François de la Mothe le Vayer
François de la Mothe le Vayer (1588-1672) was a French philosopher who suggested Greenland as the location of Atlantis. He was at one point the tutor of Louis XIV. He also wrote under the name of Orosius Tubero.
Greenland was first proposed as the location of Atlantis in the 17th century by François de la Mothe le Vayer. More recently some of the more imaginative writers have tried, unsuccessfully, to revive interest in this idea. One of these is the American, Dale Huffman, who claims that the outline of Greenland is comparable with Kircher‘s famous map of Atlantis. He has also proposed that while Atlantis primarily consisted of Greenland it also included “the islands of the United Kingdom and Iceland”(h). Huffman ignores the fact that Kircher’s map clearly places Atlantis between the Strait of Gibraltar and America, not between Canada and Scandinavia. Apart from this, Kircher favoured the Azores and Canaries as the remnants of Atlantis.
Another proponent is Mario Dantas who is equally determined to link Plato’s description with the enormous island of Greenland(a) and has submitted a paper on the subject to the 2008 Atlantis Conference in Athens.
Another site(b) advocates the Baffin Basin just west of Greenland, as the Great Plain of Atlantis. This idea developed by a New Zealander, Ian Fox, is based on a reinterpretation of Plato’s text combined with the studies of Charles Hapgood.
In 2014, Antonio Usai published an English translation of his 2011 booklet on the Pillars of Hercules in which he places the original ‘Pillars’ on the Tunisian island of Kerkennah and then unexpectedly proposed that Atlantis was situated in Greenland.
Another proponent of the Greenland location is Stefan Grossmann in his book, Atlantlantean(sic) Philosophy(d), a commentary on the non-existent ‘Emerald Tablets of Thoth’(e), concocted by Maurice Doreal (Claude Doggins).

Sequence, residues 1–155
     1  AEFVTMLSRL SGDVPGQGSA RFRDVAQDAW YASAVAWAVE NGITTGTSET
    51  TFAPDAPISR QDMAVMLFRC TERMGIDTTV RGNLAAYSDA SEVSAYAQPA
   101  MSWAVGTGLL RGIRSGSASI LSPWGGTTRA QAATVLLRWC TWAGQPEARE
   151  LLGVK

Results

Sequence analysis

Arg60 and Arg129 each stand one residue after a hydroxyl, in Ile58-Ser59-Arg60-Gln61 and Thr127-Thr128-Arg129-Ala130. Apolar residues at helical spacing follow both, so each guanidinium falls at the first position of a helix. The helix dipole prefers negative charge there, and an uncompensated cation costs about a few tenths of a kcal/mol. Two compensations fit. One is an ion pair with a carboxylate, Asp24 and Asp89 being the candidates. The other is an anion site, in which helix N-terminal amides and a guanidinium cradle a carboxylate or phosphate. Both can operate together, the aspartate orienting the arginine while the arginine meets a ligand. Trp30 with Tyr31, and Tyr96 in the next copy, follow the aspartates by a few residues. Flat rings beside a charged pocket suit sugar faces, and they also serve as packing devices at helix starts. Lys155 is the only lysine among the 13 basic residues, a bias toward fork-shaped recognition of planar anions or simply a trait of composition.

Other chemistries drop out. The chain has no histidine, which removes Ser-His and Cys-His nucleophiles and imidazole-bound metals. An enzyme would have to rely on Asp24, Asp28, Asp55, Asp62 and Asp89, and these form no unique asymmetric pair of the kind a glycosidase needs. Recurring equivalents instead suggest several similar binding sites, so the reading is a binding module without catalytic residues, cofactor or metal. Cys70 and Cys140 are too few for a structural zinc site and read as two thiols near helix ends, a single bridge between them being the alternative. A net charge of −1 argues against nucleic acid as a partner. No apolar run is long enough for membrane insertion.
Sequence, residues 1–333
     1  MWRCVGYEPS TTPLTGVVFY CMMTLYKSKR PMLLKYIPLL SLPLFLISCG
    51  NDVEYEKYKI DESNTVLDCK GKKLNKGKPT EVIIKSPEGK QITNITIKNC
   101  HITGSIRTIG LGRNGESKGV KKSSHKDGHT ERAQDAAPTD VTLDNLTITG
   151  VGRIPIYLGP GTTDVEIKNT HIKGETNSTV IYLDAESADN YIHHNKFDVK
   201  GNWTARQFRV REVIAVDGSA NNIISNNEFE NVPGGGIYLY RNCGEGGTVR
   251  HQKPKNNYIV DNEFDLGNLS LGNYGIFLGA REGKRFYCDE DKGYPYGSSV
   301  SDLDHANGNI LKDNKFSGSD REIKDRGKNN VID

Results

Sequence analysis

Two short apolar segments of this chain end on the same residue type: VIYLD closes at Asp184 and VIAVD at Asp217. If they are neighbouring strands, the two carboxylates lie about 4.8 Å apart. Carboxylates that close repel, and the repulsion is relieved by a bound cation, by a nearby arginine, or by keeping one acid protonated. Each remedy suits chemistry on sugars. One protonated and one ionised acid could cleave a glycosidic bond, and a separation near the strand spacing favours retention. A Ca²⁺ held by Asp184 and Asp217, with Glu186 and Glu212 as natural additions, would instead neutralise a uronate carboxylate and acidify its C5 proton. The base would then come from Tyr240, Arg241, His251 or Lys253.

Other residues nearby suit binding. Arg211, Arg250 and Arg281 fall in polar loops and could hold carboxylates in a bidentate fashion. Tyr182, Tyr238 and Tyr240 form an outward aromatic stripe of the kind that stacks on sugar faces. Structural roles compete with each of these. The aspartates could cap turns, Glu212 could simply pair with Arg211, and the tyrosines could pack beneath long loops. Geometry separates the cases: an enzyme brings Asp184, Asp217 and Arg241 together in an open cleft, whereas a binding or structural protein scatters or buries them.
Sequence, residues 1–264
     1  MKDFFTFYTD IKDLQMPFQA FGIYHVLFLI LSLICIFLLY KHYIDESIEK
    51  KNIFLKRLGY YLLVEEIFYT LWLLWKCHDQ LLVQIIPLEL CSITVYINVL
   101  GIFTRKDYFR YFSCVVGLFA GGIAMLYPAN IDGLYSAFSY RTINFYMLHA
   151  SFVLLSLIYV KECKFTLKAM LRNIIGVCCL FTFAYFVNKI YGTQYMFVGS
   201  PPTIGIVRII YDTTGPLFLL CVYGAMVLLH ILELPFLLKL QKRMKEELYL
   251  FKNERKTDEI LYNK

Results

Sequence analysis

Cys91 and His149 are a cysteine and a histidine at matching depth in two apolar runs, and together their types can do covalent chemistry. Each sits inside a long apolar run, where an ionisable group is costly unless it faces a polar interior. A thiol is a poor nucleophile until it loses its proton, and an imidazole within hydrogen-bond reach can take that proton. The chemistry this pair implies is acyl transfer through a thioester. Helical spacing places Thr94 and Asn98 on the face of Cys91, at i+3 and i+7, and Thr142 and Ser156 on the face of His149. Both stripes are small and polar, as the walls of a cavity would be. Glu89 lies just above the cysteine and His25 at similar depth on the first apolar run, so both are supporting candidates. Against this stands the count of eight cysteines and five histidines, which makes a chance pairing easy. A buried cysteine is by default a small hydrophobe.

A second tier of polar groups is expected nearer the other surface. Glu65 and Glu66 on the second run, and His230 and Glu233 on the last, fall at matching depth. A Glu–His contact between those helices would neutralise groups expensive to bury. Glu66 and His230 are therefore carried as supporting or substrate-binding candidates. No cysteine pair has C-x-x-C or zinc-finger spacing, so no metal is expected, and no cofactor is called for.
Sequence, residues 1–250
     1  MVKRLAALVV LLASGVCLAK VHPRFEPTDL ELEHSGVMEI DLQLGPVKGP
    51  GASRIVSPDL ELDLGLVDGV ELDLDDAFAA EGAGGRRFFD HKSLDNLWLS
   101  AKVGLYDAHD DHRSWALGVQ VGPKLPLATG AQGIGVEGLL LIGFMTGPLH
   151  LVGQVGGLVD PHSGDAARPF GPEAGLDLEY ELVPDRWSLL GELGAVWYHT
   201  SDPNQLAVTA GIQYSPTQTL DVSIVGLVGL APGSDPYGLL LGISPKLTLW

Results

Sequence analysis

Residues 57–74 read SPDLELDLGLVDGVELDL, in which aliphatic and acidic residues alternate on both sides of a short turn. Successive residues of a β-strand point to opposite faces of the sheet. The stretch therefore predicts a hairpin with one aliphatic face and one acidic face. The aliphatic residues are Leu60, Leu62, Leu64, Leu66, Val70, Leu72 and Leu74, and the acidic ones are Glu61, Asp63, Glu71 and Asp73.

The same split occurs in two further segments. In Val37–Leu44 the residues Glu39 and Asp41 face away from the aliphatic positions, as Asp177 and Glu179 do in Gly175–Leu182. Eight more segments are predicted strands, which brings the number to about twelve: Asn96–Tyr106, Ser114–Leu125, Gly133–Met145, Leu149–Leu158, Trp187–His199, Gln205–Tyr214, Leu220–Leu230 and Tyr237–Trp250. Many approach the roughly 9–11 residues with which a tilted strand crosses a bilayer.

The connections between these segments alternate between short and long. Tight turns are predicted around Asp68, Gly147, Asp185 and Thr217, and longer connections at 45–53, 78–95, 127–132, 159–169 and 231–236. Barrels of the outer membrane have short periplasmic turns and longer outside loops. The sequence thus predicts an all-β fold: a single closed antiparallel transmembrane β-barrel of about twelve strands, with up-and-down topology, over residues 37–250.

In October 2011 a team of researchers from the Laboratory of Geology in Lyon may have elevated the importance of Greenland to an even higher level with their claim(c) that life on earth may have originated there 3.8 billion years ago.
In 2013, Lucio Russo, an Italian mathematician and science historian, located Thule on the coast of Greenland, having identified errors in Ptolemy’s geographical calculations.
In 2014 Antonio Moreno Checa published La Atlántida. El mito hecho realidad (Atlantis. The myth comes true)  in which he also locates Atlantis in Greenland. Gennaro Anziano, an Italian writer, has also located Atlantis in Greenland(g) in his 2001 book, Atlantis – Discover the land of the gods.
David Chase Taylor, journalist and conspiracy theorist, published, Greenland Theory: Apocalypse Now, which placed Atlantis in Greenland. However, he is more concerned with the location of the CIA, which he continually repeats has its headquarters under CERN in Switzerland(j)!!! An April 2020 review gives a flavour of the wide-ranging nonsense to be found within this book(k), with little to advance our knowledge of Atlantis.
Leaving aside any suggested connection with Atlantis, there are other features of the vast island that deserve attention. There are a number of raised beaches which clearly indicate that “the whole of this large island has been raised, or the sea has sunk, in post-glacial times” and that “the upheaval has been greater in the north”. Their height above sea level varies from 325 and 480 feet!
In 2018 a huge impact crater was discovered under Greenland’s Hiawatha Glacier. It was initially thought that this impact had been the cause of the Younger Dryas cooling 12,000 years ago, but this idea has now been discounted as the crater is now thought to be 58 million years old.